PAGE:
BIOS - Bioenergy

CFD simulations


pdf CFD-IZ-BIOS-Keyinformation-NOV-2015-EN.pdfCFD Key Information (1.65 MB)

For a detailed description of the working field of CFD aided dimensioning of biomass-combustion and gasification plants see:

For an overview about objectives, fields of application and advantages of CFD simulations of biomass combustion plants and actual model developments see:

For references concerning CFD-based plant development see:

What is CFD?

CFD (Computational Fluid Dynamics) is the spatially (and temporally) resolved simulation of flow and heat transfer processes. Flows may be laminar or turbulent, they may be reactive or occur in a multiphase system. CFD simulations thus constitute an excellent tool for process analysis as well for the design and optimisation of plants.

Basic principles and general conditions

CFD simulations are applied to solve problems in various areas, for example in the automobile and aircraft industries, the biomedical industry, electronics cooling, in chemical engineering, for turbo machinery, in combustion processes, in heat and power generation, and for heating and cooling pipes. In the field of energy technology CFD is being increasingly used for the optimisation of gas and oil burners as well as for pulverised coal furnaces.
CFD modelling of biomass combustion and gasification plants is especially difficult due to the complexity of the processes involved in the thermal conversion of solid biomass, as well as due to the turbulent reactive flow in the combustion chamber or the gasification reactor, respectively. BIOS, in co-operation with researchers of Graz University of Technology, Institute for Process and Particle Engineering, has successfully developed a CFD model especially designed for the development and optimisation of biomass grate furnaces, boilers and fixed bed gasification plants. The CFD model consists of an in-house developed empirical grate combustion model complemented with modified and lab-scale tested CFD sub-models (FLUENT code) for the turbulent reactive flue gas flow in the combustion or gasification reactor. The applicability of the CFD model, as well as the reliability of simulation results were tested at pilot-scale and industrial-scale furnaces.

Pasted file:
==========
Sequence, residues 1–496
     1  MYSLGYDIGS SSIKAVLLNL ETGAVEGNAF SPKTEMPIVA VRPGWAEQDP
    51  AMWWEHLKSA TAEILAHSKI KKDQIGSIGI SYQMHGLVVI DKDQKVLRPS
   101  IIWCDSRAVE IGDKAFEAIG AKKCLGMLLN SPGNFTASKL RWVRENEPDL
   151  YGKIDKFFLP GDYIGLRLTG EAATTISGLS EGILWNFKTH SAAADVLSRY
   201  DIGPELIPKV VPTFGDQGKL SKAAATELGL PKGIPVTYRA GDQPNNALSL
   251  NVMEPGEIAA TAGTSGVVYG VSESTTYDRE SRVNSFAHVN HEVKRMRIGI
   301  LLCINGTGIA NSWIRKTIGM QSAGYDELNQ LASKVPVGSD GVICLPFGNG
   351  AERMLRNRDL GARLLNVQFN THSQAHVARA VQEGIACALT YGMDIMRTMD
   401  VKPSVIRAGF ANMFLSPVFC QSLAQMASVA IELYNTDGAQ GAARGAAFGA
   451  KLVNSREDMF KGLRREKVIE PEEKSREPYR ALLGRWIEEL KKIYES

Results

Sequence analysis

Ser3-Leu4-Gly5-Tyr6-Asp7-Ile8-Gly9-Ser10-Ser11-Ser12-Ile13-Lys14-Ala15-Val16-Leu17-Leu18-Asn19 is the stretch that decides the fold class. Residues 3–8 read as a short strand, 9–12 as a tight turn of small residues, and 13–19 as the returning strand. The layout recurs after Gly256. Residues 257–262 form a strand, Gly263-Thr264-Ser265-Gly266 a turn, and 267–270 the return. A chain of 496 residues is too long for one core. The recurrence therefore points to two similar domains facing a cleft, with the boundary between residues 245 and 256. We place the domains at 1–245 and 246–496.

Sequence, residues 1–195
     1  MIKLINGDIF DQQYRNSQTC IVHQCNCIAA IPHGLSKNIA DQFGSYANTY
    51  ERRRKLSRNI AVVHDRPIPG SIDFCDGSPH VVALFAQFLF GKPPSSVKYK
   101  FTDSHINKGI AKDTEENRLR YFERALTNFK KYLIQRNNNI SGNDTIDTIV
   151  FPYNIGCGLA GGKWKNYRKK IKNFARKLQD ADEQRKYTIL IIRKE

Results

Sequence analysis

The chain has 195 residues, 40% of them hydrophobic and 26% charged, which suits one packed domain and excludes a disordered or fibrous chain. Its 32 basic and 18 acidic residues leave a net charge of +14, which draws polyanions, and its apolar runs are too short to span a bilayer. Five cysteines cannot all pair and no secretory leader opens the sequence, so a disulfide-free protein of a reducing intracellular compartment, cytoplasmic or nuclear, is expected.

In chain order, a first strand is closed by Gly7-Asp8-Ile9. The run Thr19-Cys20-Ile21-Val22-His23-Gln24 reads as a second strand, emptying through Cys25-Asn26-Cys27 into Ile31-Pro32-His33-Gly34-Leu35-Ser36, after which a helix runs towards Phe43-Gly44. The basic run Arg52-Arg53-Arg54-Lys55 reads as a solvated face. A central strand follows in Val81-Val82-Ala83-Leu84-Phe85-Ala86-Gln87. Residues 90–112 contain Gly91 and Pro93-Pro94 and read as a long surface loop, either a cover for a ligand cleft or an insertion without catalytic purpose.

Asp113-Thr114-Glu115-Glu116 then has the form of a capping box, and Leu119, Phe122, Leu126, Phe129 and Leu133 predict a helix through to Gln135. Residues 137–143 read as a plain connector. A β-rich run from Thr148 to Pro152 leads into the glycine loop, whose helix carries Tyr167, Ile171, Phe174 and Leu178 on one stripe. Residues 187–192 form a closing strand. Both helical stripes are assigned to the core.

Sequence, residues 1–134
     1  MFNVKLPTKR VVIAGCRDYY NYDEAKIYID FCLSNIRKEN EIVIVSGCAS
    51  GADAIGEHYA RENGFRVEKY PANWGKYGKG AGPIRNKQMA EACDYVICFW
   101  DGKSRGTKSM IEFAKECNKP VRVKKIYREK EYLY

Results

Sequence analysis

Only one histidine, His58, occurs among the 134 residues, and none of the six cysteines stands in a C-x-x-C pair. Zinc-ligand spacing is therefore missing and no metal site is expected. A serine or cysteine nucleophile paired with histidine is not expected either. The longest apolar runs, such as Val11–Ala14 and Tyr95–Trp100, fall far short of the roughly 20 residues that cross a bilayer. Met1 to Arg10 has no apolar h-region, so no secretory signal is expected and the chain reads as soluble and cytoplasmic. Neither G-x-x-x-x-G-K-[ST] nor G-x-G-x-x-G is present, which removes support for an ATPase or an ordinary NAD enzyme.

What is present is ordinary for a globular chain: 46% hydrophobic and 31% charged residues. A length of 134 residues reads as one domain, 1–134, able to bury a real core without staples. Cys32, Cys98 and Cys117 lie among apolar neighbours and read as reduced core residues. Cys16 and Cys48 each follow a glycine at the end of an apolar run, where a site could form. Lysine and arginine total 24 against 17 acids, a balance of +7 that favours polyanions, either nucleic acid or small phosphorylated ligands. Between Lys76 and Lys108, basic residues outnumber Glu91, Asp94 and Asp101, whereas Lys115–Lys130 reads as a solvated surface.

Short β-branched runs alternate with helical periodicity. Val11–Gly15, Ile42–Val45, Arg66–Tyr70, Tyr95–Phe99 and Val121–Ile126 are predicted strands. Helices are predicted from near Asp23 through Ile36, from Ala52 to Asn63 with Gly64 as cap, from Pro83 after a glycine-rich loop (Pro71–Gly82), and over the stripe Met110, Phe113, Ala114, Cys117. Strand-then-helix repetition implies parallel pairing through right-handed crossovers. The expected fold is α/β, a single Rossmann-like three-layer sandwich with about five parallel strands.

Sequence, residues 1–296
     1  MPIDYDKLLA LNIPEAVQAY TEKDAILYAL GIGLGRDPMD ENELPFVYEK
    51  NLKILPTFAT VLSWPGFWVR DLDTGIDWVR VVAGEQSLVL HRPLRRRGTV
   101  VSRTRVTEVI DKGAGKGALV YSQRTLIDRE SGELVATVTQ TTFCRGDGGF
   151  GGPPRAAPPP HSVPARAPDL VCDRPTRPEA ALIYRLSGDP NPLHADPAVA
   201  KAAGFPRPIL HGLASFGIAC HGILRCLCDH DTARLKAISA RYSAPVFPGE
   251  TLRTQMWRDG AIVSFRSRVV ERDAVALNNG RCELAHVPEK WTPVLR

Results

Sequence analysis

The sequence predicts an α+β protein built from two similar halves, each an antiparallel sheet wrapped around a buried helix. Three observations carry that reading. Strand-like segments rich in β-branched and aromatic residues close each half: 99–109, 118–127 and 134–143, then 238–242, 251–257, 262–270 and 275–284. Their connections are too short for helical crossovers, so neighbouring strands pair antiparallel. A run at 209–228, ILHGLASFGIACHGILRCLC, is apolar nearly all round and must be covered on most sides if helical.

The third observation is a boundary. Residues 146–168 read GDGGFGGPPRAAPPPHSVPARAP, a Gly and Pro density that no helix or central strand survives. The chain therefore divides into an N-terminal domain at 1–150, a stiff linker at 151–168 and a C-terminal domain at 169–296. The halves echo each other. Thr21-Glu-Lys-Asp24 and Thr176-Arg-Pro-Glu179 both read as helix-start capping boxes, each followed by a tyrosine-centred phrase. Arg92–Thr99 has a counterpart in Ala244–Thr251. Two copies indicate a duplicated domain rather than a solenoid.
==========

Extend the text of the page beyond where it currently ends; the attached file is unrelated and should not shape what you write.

The long-standing continuous co-operation of BIOS with various national and international research institutions ensures that the employed models are kept at the forefront of scientific developments.

Goals of CFD-aided plant development

The goal of a CFD-aided plant development is an efficient technological development and conception of plants aided by a spatially and temporarily resolved simulation and visualisation of the processes in biomass combustion and gasification plants. The objectives in detail are:

For combustion plants:

  • Efficient mixing of unburned flue gas with re-circulated flue gas and efficient air staging ==> improved CO burnout, NOx reduction
  • Improved mixing of unburned flue gas with secondary air ==> efficient CO burnout, reduction of furnace and boiler volumes
  • Improved utilisation of furnace and boiler geometries ==> efficient CO burnout, reduction of furnace and boiler volumes
  • Reduction of local velocity and temperature peaks in order to reduce material erosion and ash deposit formation
  • Sensitivity analyses as a basis for the optimisation of plant control
    (e.g. influence of load, water content and air staging)

For gasification plants: